Jon Hein: “Jump the shark” is the precise moment that you know something in pop culture is about to go downhill. It refers to the episode of “Happy Days” when Fonzie — fully clad in his leather jacket on water skis — jumped over a shark in the Pacific Ocean.
How did you come up with the idea for the phrase and when did you realize that it could be applied to more than TV shows?
Jon Hein: If you saw Fonzie take that fateful leap it’s something you simply don’t forget. We all feel those moments in our guts. You just know that it’s going to be all downhill from there.
I had always used the expression to describe the moment anything went bad, but I knew extending the phrase wouldn’t be a stretch when Maureen Dowd wrote a New York Times Op-Ed Column chronicling when certain politicians jumped the shark.
When and why did you start jumptheshark.com?
Jon Hein: I started jumptheshark.com on December 24, 1997. The goal was simple: to learn HTML for my day job as partner of a computer-training firm, and to extend the conversation I had with my college roommates about when classic TV shows went downhill. The phrase spread quickly on the Internet, and the press started to catch on a few months later.
When did you decide to do the book?
Jon Hein: I decided to do the book about one year ago. Believe me, it was difficult to narrow down the list of shows, bands, athletes, celebrities, and politicians that have jumped. The reaction has been great! I’ve been told by so many people that they knowsomeone who will absolutely love the book.
When did you realize that “jump the shark” was becoming a kind of cultural phenomenon?
Jon Hein: The Dowd column was a strong indication that something special was happening with the phrase. The press coverage, particularly my appearances on the Howard Stern show, certainly helped spread the word. I guess when people started introducing me as the “jump-the-shark guy” and I didn’t need to explain what it meant, I knew the phrase had arrived.
Why do you think it’s become as popular as it has?
Jon Hein: Because we’ve all been having these conversations about when things in pop culture go downhill for many years. I’m fortunate that people have adopted the phrase and use it to classify these moments.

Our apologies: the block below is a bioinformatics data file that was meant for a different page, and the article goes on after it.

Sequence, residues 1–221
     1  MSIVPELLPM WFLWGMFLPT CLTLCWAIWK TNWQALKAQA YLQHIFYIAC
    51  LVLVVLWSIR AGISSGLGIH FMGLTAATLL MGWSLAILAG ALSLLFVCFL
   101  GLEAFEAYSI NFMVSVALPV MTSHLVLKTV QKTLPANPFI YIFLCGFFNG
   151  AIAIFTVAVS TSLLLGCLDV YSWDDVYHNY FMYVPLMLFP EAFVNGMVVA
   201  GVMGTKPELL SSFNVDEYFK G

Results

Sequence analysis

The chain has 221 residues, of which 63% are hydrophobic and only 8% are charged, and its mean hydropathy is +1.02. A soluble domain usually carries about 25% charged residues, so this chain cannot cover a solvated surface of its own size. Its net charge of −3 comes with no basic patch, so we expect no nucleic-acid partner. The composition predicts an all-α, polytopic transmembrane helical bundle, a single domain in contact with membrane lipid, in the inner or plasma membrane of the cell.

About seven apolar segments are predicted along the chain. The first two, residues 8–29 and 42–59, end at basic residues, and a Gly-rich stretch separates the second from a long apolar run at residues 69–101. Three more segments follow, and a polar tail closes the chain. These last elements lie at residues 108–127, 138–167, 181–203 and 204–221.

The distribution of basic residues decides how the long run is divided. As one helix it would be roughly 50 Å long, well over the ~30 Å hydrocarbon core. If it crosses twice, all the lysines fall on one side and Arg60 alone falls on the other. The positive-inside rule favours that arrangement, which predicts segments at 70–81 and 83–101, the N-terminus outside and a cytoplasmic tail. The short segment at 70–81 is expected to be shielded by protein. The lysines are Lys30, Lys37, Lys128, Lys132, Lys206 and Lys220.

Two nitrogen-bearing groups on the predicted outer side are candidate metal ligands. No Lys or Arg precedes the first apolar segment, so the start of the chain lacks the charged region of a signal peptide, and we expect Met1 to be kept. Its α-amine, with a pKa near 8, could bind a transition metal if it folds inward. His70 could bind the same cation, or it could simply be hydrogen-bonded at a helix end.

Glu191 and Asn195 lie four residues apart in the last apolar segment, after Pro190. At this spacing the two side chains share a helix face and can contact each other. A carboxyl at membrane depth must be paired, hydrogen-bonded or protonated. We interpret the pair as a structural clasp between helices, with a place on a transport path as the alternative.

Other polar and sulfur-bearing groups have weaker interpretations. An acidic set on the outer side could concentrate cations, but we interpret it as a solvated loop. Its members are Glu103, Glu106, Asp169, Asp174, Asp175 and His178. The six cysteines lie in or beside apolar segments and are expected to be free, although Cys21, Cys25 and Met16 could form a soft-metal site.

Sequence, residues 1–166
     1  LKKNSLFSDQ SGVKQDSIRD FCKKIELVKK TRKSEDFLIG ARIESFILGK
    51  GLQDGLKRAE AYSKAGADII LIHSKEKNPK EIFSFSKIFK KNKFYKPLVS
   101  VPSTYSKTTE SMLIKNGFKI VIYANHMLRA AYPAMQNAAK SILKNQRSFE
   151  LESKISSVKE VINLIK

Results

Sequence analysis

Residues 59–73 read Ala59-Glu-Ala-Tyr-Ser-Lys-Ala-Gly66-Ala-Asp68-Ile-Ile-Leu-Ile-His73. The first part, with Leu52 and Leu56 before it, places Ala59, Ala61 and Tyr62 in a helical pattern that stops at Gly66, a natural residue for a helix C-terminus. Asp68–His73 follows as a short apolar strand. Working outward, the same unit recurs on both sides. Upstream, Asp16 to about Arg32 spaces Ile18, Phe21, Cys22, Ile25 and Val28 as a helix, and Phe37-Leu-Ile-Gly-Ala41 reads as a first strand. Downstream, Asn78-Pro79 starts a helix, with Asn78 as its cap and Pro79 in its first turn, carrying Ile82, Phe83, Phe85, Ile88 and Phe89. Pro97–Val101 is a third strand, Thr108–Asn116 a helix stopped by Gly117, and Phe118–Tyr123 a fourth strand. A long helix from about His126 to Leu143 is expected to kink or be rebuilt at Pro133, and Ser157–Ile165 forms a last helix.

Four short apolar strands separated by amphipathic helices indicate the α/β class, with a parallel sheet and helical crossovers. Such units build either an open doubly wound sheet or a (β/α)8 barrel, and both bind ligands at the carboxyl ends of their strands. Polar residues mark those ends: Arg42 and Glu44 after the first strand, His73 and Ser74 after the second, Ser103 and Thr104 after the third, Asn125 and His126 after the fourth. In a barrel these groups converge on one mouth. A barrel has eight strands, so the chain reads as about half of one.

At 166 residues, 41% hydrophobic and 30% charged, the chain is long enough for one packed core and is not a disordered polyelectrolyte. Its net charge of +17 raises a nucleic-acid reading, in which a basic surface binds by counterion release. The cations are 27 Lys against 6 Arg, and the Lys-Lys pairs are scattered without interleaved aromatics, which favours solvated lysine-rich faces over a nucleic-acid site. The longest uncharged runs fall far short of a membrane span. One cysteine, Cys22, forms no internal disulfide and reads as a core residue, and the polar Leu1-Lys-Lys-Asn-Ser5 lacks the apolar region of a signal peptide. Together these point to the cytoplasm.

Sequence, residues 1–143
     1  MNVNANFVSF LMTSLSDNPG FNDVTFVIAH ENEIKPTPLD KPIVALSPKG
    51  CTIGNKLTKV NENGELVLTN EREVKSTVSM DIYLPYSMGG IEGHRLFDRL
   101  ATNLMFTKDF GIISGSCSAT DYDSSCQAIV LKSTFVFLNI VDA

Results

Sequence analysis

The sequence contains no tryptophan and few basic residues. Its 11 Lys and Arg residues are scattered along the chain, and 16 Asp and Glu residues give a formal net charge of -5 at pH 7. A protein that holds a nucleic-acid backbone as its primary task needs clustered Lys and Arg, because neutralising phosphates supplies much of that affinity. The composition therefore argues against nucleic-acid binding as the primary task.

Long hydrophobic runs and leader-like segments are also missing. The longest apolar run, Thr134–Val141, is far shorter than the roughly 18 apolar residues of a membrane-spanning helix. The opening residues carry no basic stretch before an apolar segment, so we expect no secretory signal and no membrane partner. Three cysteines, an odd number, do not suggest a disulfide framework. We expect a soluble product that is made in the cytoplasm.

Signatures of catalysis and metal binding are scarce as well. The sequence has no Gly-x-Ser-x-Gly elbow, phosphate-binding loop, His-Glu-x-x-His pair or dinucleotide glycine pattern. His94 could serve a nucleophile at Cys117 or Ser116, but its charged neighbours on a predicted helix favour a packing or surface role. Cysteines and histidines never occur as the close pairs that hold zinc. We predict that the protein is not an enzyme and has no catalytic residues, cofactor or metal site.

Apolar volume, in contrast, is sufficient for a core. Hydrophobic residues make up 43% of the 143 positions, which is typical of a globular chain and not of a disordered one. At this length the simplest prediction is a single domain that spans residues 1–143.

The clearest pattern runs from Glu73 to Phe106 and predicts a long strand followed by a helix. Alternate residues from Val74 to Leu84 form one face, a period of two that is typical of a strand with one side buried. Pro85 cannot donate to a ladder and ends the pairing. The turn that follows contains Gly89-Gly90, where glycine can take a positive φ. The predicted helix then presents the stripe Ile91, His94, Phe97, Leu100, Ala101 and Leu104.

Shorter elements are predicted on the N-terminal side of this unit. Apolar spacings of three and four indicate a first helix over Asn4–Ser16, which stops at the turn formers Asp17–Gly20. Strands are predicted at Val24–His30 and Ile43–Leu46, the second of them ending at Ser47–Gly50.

We spend so much time with these “characters” every week in our living rooms. We feel like we know them, and when something happens that just doesn’t make any sense, it sets us off. The key to the criticism is in the minutiae. Someone can tell you that “Survivor” isn’t good any more, but if they explain that Colby cuddling with his mom in the Pontiac Aztec is when the show jumped the shark, you acknowledge the detail in some strange way.
Do you find that most people agree with your jump-the-shark appraisals?
Jon Hein: Some people agree with me, some think I’m crazy . That’s another reason why jump the shark works. Nobody is right or wrong, but we all have strong opinions on when certain things went downhill. I’ve had plenty of people tell me to get a life or how wrong I am, but for the most part, everyone gets a good laugh out of the concept and spends a ton of time debating pop-culture items.
That being said, when I implied that “Buffy the Vampire Slayer,” Steven Spielberg, and Bruce Springsteen jumped the shark, I made some enemies for life.
Why is it that television producers keep recycling the same ideas to help revive interest in a show, even though history has proven that they NEVER work?
Jon Hein: Ratings, ratings, ratings. Having a baby is a great way to get good Nielsen numbers, but I guarantee you that the show is about to — or already has — jumped the shark. Adding that new cute kid or having a wedding will bring in viewers temporarily, but the show will never be the same. Believe me, I’m certainly glad the producers keep doing it!
This being BookSense.com and all, I have to ask: Who are some writers that have jumped the shark?
Jon Hein: I think John Grisham jumped when he left the courtroom for A Painted House. Stephen King jumped when we found out he was Richard Bachman. Tom Clancy jumped when he started writing novels without Jack Ryan. The Chicken Soup series jumped when they printed a volume for “The Prisoner’s Soul.”
What will be the sign that “jump the shark” has jumped the shark?
Jon Hein: When you reach into your breakfast cereal box, and pull out an official Jump The Shark Action Figure, you’ll know we’ve taken the leap.